Despite the fact the Americans are consuming more alcohol than usual due to the stress, the beer and wine industry is seeking $5 billion from politicians. U.S. residents have been munching a lot of snack foods and candy during the last week, but the candy and confection industry still wants $500 million. Even the sneaker firm Adidas is looking for some money while the Fed plans to showers corporatists and bankers with trillions. The list of corporations, unions, and financial institutions that are looking for a bailout is enormous and eclipses the 2008 bailouts by a long shot. Not to mention the fact that while the Fed issues trillions of dollars, the American people want some money too because they have been promised $1,000 per month or more amid the economic disaster. Democrats like Michigan Representative Rashida Tlaib have been promising Americans monthly payments of $1K per month and claiming it won’t burden citizens with debt.
Not only are corporations begging for Fed money, but politicians like Bernie Sanders, Rashida Tlaib, and Alexandria Ocasio-Cortez are promising American citizens $1K per month in stimulus.
Fiat Junkies Fiending for a Fix
The comprehensive list of ‘fiat junkies’ mentioned above barely scratches the surface when it comes to financial institutions and corporations looking for a handout in 2020. Economists understand that once you create trillions of dollars on a whim and throw free money around, monopolies and corporatist unions will start jonesing like drug addicts for fiat and will relentlessly circle like vultures.
Bitcoin.com has numerous resources available for anyone to get started learning about and using cryptocurrencies like BCH, BTC, and ETH. Our comprehensive website has a local peer-to-peer marketplace, an exchange, a fantastic gaming platform, a mining pool, cloud contracts and so much more. Check out our guides, resources, and services today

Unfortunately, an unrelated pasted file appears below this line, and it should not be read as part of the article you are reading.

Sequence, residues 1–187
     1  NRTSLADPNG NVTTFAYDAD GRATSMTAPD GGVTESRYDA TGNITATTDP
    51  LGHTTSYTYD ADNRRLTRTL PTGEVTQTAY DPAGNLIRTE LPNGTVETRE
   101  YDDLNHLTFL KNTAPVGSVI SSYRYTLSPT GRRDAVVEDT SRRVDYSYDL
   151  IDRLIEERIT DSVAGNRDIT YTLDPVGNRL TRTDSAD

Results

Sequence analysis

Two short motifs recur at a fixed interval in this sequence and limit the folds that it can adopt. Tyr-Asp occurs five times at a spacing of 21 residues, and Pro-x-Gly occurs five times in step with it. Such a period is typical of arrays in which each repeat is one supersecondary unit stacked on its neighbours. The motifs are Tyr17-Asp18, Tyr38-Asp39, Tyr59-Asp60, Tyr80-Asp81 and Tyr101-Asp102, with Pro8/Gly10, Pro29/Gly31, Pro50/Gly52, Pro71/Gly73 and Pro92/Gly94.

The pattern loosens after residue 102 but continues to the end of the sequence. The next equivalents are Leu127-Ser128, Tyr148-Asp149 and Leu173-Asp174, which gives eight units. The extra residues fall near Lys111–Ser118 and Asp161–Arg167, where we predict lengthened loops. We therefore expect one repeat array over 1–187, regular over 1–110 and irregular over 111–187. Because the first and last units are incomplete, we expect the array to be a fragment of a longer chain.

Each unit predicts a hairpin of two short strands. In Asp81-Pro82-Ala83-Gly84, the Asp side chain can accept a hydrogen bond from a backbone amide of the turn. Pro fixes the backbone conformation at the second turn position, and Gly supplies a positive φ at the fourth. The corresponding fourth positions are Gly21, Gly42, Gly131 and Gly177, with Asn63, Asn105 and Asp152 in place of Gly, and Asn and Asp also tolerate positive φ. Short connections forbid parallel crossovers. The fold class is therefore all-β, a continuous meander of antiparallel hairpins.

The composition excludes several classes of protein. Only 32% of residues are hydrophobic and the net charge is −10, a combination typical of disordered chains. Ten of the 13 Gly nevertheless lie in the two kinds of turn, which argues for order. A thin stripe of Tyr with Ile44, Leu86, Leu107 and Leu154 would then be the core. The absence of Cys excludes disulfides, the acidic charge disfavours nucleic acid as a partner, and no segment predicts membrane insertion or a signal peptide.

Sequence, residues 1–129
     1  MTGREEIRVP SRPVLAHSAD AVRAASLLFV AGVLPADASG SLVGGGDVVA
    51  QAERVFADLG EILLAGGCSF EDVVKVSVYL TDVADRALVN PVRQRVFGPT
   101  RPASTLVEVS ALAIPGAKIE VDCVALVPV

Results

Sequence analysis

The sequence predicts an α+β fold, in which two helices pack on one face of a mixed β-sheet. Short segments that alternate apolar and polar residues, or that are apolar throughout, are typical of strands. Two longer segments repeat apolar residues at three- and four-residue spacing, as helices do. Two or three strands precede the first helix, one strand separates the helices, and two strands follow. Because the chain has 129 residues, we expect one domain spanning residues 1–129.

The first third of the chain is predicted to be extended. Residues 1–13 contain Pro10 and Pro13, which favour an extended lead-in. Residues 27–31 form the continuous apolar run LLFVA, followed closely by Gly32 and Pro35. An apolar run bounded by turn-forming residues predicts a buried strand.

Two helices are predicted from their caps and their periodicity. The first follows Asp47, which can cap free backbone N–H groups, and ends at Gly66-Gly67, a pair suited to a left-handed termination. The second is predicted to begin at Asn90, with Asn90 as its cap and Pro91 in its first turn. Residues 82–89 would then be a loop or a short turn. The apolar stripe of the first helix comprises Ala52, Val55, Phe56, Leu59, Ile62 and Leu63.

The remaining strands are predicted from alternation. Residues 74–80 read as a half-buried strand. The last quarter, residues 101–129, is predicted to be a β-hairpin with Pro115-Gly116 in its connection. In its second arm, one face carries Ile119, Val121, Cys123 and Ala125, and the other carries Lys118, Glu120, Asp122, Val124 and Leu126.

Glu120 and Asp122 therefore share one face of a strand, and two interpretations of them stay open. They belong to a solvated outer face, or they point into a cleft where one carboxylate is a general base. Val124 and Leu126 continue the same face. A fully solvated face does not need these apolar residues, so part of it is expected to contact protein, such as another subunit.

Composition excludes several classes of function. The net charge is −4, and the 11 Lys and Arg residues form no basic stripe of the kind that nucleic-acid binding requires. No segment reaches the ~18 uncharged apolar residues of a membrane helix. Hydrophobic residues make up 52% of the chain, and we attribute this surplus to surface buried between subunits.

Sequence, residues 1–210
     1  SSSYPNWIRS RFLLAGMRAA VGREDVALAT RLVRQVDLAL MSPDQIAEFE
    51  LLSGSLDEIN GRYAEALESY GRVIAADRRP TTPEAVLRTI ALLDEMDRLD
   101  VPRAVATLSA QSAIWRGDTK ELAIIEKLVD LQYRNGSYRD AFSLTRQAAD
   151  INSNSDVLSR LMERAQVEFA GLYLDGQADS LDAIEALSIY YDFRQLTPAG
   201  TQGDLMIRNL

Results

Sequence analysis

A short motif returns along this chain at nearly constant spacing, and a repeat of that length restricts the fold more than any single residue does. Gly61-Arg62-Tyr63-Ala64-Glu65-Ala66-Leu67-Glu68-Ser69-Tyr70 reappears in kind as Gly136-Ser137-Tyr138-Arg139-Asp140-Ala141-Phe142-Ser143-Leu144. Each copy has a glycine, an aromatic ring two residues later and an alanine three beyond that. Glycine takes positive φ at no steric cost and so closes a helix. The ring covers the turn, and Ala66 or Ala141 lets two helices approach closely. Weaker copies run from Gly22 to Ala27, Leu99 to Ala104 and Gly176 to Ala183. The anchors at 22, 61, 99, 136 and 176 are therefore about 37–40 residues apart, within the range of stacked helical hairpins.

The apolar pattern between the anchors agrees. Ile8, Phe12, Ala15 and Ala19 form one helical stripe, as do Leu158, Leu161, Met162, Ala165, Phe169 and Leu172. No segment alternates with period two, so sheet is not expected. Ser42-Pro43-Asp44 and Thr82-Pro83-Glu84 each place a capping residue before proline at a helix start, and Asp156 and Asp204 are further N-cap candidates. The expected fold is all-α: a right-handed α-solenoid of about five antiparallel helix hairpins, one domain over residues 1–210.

This is why Bitcoin’s inventor created a robust peer-to-peer electronic cash system because Satoshi Nakamoto knew in 2009 the bailouts would return in the future. 11 years later, the Fed and central banks worldwide are in the midst of creating massive stimulus plans and bailing out megabanks and corporations. The hardcoded coinbase parameter in Bitcoin’s genesis block reminds people of why the decentralized cryptocurrency was created. The message stemmed from the Times January 3, 2009 headline: “Chancellor on brink of second bailout for banks.”
Today the Fed’s floodgates are wide open and U.S. banks and corporations know if they beg enough they’ll probably get a handout. The system has been monopolized and manipulated for so long, the 2020 bailouts just might get the country’s citizens angrier and a recurrence of Occupy Wall Street protests could easily happen again.
Disclaimer: This article is for informational purposes only. It is not an offer or solicitation of an offer to buy or sell, or a recommendation, endorsement, or sponsorship of any products, services, or companies. Bitcoin.com does not provide investment, tax, legal, or accounting advice. Neither the company nor the author is responsible, directly or indirectly, for any damage or loss caused or alleged to be caused by or in connection with the use of or reliance on any content, goods or services mentioned in this article.